In addition, the judges said, the post should not be buried in a corner of the Apple site – instead, it should appear front and center, on the UK version of the Apple homepage. Apple has agreed to make the changes.
"Personal opinion aside, the smartphone wars must stop. I wish all the parties in all this foolish litigation would simply man up, say sorry, and reach non-punitive deals with one another, so the focus could turn to products, not politics," Evans writes. "Everyone has attempted to make their point, it’s time for litigation to end."
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Verizon is rolling out a fleet of mobile charging stations to West Virginia, Ohio, and New Jersey residents affected by Hurricane Sandy. At each Wireless Emergency Communication Center, as Verizon calls the trucks, you can charge your phone or in some cases hop on a laptop to send relatives an email. You can find a full list of station locations here – and no, you don't need to be a Verizon customer to take advantage of the service.
Meanwhile, at least for the time being, charging and domestic calls are free at Verizon stores across the northeast.
"Anecdotally, Verizon Wireless service has fared better than service from other carriers in parts of New York and New Jersey, where the storm has done the most damage. But there have been complaints of poor service on Long Island, as well as in Lower Manhattan," she writes.
In related news, PC Magazine reports that Verizon has installed a temporary wireless antenna in Jersey City, which was hit especially hard by the storm. The company is working simultaneously to restore data service to other parts of the New York metro area.
"Verizon has been able to reroute and restore critical services at several key facilities that were affected by the historic flooding and subsequent power outages on Monday night," a Verizon rep told PC Magazine. "Company engineers and technicians have returned several of these facilities to normal operations, and efforts continue to restore the remaining facilities."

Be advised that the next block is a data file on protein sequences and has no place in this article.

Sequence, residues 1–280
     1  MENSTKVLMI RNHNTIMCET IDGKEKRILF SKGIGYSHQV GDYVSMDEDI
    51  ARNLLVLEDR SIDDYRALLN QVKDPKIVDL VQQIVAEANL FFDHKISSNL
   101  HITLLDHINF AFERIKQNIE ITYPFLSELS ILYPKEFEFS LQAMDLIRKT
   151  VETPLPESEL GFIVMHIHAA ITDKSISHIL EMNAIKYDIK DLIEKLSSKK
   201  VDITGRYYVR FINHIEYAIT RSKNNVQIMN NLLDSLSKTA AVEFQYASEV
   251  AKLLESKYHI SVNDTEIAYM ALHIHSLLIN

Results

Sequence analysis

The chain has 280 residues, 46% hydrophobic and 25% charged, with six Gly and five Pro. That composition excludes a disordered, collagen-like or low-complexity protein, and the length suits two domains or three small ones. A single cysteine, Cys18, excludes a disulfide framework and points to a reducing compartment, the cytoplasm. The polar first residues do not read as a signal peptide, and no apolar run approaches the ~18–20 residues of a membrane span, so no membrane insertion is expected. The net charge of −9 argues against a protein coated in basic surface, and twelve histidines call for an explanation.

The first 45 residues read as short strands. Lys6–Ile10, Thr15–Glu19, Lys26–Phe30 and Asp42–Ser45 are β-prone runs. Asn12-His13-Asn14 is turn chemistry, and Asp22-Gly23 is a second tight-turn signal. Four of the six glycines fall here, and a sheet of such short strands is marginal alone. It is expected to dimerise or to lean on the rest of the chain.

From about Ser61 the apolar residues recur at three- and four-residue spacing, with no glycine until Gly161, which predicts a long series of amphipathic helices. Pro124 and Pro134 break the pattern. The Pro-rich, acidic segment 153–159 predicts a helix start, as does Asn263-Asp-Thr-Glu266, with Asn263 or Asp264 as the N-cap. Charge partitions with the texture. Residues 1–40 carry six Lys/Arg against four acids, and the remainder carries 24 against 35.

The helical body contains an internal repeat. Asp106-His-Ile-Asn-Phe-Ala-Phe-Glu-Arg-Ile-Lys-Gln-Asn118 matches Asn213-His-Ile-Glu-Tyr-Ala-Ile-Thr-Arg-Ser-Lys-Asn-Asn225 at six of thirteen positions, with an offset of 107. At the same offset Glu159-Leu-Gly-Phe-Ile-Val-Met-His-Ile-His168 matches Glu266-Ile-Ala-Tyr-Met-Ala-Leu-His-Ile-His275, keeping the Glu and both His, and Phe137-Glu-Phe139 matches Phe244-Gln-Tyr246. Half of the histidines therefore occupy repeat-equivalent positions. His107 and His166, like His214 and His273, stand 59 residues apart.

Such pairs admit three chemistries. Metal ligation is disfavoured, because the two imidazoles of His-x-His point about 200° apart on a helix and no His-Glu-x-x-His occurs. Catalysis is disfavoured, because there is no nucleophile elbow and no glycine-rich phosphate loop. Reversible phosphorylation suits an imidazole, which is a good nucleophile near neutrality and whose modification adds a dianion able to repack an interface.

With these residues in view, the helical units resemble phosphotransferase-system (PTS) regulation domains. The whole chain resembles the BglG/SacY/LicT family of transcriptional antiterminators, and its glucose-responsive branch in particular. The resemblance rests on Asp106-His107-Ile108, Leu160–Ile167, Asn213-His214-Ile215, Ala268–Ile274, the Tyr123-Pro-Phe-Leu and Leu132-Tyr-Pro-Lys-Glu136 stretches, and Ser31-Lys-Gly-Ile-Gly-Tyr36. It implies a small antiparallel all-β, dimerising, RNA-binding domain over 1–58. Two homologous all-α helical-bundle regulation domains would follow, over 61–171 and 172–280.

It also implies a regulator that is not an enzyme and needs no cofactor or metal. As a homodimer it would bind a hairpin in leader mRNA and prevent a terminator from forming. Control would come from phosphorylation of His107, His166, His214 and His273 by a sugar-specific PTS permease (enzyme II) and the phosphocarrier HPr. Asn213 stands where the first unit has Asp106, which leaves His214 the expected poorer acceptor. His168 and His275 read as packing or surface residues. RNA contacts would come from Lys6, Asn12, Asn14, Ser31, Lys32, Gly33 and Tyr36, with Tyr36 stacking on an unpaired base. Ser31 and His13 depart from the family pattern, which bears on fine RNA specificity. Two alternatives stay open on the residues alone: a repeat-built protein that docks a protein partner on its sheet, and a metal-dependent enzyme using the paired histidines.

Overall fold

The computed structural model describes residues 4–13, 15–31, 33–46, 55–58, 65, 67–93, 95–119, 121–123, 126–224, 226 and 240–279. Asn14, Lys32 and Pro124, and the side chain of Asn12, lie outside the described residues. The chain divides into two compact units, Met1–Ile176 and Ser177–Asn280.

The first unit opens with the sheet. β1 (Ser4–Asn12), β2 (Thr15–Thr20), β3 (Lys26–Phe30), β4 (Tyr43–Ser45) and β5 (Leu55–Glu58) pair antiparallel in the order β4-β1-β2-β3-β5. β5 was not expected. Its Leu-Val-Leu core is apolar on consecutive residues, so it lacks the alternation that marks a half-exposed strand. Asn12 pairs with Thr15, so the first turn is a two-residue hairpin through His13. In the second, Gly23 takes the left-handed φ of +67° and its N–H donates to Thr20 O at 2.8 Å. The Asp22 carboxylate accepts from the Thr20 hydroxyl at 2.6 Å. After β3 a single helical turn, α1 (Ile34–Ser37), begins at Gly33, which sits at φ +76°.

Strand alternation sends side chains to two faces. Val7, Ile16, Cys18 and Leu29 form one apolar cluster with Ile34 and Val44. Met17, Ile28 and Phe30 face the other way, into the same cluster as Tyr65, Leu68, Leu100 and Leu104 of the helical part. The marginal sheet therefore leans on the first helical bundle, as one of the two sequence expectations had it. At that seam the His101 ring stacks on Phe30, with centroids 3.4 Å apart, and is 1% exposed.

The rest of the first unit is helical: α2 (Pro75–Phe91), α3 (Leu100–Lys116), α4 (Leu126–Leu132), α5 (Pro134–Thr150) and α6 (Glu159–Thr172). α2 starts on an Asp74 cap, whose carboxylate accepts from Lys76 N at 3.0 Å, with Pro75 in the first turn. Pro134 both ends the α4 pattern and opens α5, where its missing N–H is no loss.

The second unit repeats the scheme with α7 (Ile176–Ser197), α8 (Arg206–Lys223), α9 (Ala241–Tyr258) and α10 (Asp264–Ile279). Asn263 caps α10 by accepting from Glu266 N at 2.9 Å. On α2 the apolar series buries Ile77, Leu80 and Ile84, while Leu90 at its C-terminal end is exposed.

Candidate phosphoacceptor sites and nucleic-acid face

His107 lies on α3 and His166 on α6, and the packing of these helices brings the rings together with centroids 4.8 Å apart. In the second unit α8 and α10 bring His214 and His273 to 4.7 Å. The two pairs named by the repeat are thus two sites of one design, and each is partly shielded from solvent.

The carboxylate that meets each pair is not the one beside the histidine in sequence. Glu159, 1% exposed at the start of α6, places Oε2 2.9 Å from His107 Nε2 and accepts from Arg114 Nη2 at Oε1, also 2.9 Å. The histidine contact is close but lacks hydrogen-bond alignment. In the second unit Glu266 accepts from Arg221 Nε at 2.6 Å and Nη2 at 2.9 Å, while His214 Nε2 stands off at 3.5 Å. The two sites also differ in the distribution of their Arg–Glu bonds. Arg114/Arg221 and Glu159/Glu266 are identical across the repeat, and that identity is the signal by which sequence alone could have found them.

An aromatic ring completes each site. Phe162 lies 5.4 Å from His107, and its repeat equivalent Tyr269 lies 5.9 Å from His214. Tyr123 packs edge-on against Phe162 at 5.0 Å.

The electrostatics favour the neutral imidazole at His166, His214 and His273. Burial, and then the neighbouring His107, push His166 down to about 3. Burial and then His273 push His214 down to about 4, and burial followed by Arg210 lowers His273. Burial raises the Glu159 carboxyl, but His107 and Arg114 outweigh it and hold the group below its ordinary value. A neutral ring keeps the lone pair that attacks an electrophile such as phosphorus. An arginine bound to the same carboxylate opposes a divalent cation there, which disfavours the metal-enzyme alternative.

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At an event in New York earlier this week, Microsoft chief Steve Ballmer presided over the official launch of the Windows 8 operating system, which he called "truly magical." Reviews of Windows 8 have been pretty positive, with critics praising the speed of the software, the tiled design, and the touch-friendly interface. So let's say you're interested in picking a Windows 8 device.
Where to start?
Well, the obvious answer – and the gadget that Microsoft has put a lot of its marketing muscle behind – is the Surface tablet. The Surface is priced starting at $499 ($599 if you want the Touch Cover keyboard), and runs a version of Windows 8 called Windows RT. Microsoft hopes the Surface will compete directly with the Apple iPad, although as plenty of analysts have pointed out, Microsoft will need a more apps first.
On the desktop and laptop front, CNET has assembled a useful list of Windows 8 machines, with pithy capsule reviews. Among them: the Sony VAIO Tap 20, a hybrid tablet/desktop with a Core i3 processor, a 500GB hard drive, and 4GB of RAM. "Thanks to a built-in battery and a semiportable design, the Tap 20 might be the most distinctive Windows 8-launch PC," CNET notes.
Looking for something a little out of the ordinary? You could do worse than the Lenovo IdeaPad Yoga 13, a 13.3-inch laptop with a multi-touch display. The "Yoga" in the name refers to the flexible screen, which bends back or even flat (images here). The price on the Yoga 13 is $1099; an 11-inch model is also available for $799.